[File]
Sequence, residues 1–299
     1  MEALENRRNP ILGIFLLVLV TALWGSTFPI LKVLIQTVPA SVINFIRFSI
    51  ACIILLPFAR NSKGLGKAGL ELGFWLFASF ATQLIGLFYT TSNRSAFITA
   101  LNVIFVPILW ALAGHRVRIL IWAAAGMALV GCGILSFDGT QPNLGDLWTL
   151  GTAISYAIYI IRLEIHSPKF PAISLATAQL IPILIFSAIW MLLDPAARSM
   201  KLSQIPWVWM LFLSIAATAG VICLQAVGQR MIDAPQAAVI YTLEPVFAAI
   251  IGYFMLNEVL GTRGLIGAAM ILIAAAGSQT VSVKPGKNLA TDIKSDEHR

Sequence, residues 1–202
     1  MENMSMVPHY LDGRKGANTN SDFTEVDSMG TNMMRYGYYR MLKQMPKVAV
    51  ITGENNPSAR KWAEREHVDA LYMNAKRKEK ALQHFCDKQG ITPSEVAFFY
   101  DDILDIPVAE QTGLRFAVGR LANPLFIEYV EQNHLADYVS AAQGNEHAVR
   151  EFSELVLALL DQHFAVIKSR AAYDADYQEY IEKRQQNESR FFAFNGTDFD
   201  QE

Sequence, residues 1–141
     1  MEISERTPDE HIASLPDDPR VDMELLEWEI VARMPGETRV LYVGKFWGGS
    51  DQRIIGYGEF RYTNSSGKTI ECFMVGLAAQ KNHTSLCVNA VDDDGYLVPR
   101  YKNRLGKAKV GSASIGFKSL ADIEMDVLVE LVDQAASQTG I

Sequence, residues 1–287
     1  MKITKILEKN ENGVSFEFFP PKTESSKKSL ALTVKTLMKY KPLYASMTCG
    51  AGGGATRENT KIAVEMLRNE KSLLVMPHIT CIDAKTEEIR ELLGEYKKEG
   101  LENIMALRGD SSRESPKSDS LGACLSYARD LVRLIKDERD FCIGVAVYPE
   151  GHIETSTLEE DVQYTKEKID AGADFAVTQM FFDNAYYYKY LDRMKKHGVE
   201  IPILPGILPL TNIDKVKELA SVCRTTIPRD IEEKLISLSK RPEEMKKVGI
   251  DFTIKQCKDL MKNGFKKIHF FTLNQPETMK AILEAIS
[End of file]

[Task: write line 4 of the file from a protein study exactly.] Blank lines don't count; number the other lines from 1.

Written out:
   101  LNVIFVPILW ALAGHRVRIL IWAAAGMALV GCGILSFDGT QPNLGDLWTL